Hon. Dr. Dale Layman, Founder of Robowatch LLC, is Featured on the Cover of Top 100 Registry's 2019, Q3 Publication, as the Humanitarian of the Year

The Hon. Dr. Dale Layman, Founder of Robowatch LLC, is featured in the Top 100 Registry, highlighting his life and career. In September 2019, Dr. Layman was named Top 100 Registry's Humanitarian of the Year for his work in raising awareness in the fields of Robotics and Artificial Intelligence.

Hon. Dr. Dale Layman, Founder of Robowatch LLC, is Featured on the Cover of Top 100 Registry's 2019, Q3 Publication, as the Humanitarian of the Year
Joliet, IL, October 03, 2019 --(PR.com)-- The Honorable Dr. Dale Pierre Layman, AS, BS, MS, EdS, PhD #1, PhD #2, Grand PhD in Medicine, MOIF, FABI, DG, DDG, LPIBA, IOM, AdVMed, AGE, is the Founder and President of Robowatch, LLC. (The website is at www.robowatch.info) Robowatch is an international non-profit group whose main purpose is to keep a watchful human eye on the fast-moving developments occurring in the fields of robotics, computing and Artificial Intelligence (A.I.) industries.

The Hon. Layman was the very first person in his family to attend college. In 1968, he was awarded an Associate of Science (AS) degree in Life Science, from Lake Michigan College. The same year, he won a Michigan Public Junior College Transfer Scholarship to the University of Michigan in Ann Arbor. In 1971, he received an Interdepartmental B.S. with Distinction, in Anthropology - Zoology, from the University of Michigan. From 1971 to 1972, Layman was employed as a Histological Technician in the Department of Neuropathology, under “Connie and Dr. Hicks,” at the University of Michigan Medical School. From 1972 to 1974, he attended classes in the Physiology Department of the U of M Medical School. He was also employed as a Teaching Fellow of Human Physiology, during this period. For these efforts, the Hon. Layman was awarded an M.S. in Physiology from the University of Michigan, in 1974.

From Fall of 1974 to Spring of 1975, Dr. Layman was hired under the Federal CETA Program, for one year, as an Instructor in the Biology Department, at Lake Superior State College. A major career achievement occurred in the Fall of 1975. It was then, that Dr. Layman was hired as a full-time, permanent Instructor in the Natural Science Department of Joliet Junior College, Joliet, Illinois.

While he was still employed at Joliet Junior College, Dr. Layman ardently kept going and going for more schooling. In 1979, he received an Ed.S. (Educational Specialist) degree in Physiology and Health Science, from Ball State University. Dale received his first Ph.D. from the University of Illinois, in Health and Safety Studies, in 1986. In 2003, Dr. Layman received both a second Ph.D., as well as a Grand Ph.D. in Medicine, from the Academie Europeenne D'Informatisation (AEI) and the World Information Distributed University (WIDU). He also holds a Full Professorship in the World Information Distributed University.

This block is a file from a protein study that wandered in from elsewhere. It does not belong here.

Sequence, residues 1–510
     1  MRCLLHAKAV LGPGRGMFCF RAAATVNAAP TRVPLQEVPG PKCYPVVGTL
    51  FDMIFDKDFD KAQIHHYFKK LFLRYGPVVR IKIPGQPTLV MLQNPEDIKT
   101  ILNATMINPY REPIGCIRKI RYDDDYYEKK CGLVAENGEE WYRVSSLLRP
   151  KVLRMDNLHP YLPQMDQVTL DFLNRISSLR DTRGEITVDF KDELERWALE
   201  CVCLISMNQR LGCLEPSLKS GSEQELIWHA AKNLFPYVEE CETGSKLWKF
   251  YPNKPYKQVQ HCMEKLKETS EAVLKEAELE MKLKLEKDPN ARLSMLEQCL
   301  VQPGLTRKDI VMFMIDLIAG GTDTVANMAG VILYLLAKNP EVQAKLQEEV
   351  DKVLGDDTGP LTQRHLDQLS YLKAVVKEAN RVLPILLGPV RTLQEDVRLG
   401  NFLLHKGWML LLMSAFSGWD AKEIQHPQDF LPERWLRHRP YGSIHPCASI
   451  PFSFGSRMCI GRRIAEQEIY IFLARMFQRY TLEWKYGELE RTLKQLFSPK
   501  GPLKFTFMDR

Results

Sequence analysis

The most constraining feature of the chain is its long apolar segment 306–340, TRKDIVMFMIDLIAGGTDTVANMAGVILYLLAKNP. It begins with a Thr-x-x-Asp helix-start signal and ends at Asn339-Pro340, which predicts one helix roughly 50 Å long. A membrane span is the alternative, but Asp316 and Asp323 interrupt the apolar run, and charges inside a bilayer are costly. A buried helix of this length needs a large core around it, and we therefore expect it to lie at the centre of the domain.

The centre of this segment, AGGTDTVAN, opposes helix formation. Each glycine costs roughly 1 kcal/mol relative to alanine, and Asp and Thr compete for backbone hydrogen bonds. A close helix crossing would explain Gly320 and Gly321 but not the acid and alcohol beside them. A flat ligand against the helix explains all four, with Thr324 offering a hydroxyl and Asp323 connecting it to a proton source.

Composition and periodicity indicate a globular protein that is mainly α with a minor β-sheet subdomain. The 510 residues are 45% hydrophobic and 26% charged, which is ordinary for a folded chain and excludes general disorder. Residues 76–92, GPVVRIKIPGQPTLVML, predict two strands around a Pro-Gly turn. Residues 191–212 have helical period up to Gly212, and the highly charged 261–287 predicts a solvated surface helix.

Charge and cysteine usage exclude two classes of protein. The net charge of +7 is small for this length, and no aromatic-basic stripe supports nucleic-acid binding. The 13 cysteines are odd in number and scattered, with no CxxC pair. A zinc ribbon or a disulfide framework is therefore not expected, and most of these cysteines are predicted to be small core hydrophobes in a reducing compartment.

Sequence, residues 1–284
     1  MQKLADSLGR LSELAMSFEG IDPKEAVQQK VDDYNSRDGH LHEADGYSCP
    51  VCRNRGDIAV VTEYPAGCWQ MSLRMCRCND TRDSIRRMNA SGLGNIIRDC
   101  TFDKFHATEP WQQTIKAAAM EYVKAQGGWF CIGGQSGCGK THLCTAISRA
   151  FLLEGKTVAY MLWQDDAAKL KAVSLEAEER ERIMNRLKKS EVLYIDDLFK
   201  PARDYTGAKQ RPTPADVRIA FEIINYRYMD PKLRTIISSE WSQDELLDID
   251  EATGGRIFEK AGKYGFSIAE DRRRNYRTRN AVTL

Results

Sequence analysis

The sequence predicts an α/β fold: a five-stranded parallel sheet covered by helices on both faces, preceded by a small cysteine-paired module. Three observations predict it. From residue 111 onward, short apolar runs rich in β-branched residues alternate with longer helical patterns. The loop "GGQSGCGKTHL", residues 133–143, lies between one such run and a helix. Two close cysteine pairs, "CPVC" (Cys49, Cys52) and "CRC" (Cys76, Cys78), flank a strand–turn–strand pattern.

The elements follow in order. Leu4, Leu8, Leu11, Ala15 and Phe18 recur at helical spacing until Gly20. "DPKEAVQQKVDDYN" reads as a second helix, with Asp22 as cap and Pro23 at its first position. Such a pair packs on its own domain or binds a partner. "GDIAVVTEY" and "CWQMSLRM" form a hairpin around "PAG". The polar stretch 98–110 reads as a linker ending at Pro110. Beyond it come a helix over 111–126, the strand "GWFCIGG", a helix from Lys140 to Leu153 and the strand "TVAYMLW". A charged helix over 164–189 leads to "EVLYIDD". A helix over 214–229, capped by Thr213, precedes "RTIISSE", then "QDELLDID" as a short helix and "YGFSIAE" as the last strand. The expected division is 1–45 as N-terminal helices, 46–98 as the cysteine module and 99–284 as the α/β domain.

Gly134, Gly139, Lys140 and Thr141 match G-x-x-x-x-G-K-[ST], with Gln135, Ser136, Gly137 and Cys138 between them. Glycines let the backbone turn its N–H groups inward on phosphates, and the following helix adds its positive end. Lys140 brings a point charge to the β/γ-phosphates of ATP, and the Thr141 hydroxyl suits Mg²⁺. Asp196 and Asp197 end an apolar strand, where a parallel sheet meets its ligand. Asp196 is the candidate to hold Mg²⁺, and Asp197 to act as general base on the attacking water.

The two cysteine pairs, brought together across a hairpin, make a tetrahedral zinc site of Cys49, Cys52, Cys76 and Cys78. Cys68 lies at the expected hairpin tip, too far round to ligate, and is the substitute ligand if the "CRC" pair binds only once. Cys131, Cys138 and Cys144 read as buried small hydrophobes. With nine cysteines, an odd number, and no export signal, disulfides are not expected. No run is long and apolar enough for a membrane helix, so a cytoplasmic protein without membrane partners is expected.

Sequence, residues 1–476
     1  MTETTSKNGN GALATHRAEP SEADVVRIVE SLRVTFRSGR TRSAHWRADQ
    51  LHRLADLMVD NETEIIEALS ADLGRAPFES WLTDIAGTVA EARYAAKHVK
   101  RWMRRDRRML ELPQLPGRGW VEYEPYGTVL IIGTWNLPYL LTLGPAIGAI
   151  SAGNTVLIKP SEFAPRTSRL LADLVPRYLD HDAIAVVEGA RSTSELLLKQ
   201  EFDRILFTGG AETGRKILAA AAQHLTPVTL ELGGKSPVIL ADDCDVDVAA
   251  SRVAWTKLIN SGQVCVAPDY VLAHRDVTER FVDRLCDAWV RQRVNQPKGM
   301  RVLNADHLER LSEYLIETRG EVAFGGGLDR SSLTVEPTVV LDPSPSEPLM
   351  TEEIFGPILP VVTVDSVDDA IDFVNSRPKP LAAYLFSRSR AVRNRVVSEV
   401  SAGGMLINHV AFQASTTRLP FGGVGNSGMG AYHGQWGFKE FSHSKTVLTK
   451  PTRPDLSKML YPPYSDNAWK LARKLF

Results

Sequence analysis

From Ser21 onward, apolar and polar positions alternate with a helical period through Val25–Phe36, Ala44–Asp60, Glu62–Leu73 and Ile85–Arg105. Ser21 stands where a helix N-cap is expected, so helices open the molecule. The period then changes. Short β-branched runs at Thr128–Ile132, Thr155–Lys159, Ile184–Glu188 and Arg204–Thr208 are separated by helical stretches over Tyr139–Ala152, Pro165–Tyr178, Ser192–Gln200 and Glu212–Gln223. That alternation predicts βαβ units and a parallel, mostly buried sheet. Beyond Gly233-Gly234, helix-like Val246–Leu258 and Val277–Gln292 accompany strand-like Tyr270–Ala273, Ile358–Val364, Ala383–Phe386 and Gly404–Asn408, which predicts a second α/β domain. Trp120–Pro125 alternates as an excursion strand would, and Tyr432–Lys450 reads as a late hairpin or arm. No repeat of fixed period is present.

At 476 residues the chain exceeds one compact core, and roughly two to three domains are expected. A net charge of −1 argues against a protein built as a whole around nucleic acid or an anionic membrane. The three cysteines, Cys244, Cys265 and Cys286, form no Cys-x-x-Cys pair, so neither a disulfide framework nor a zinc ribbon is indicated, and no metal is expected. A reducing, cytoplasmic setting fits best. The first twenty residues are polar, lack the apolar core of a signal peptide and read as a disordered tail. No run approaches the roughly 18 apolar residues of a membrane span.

Dr. Layman requested that the 2000 Millennium Time Capsule of The International Biographical Centre (Cambridge, England) include extracts from the presentation he delivered on 25 June 1999, at the National Convention of Text and Academic Authors, in Park City, Utah. His talk was entitled, "Facing the Robotic Challenge: Coping with Growing Computer Dominance Over the Access, Writing, and Distribution of Information." During this landmark talk, Dr. Layman first publicly explained his unique concept: Compu-Think, a contraction for computer-like modes or ways of human thinking. The creation of the Compu-Think concept reflects the dire need for us humans to develop more "computer-like" modes or ways of Natural Human "thinking."

As revealed in The First Five Hundred at the New Millenium (International Biographical Centre, Cambridge, England, 2000), "Dr. Layman’s latest worries are two-fold. The first concerns the potential wholesale devaluation of the human mind and body through the insidious dominance of the computer and its offspring, artificial intelligence... He deplores the widening gap between the computer-literate and the computer-illiterate, the latter being considered as inferior. He has even recognized a future possibility for the computer to be regarded as superior to man. His other worry focuses on developments in genetics [especially genetic engineering]... Although he believes that people will gradually come to realize what is happening both in the case of computers and that of genetic engineering, he cannot predict whether their reaction will be of resistance or acceptance."

Ever a lifelong student, taking classes for the past two years at Joliet Junior College, Dr. Layman was very pleased to have just recently received (during March, 2019), his second formal induction into the world's largest honor society for community college students, Phi Theta Kappa. The local chapter at Joliet Junior College is the Alpha Lambda Phi Chapter. How amazing it is, for Dr. Layman, to have received his very first induction into Phi Theta Kappa Honor Society, way back in 1967, while he was a freshman at Lake Michigan College. How the world so mysteriously turns. And now - 52 years later - Dr. Layman feels a strong curiosity, almost as if he is still a young student, entering his second childhood of life.
Top 100 Registry Inc.
David Lerner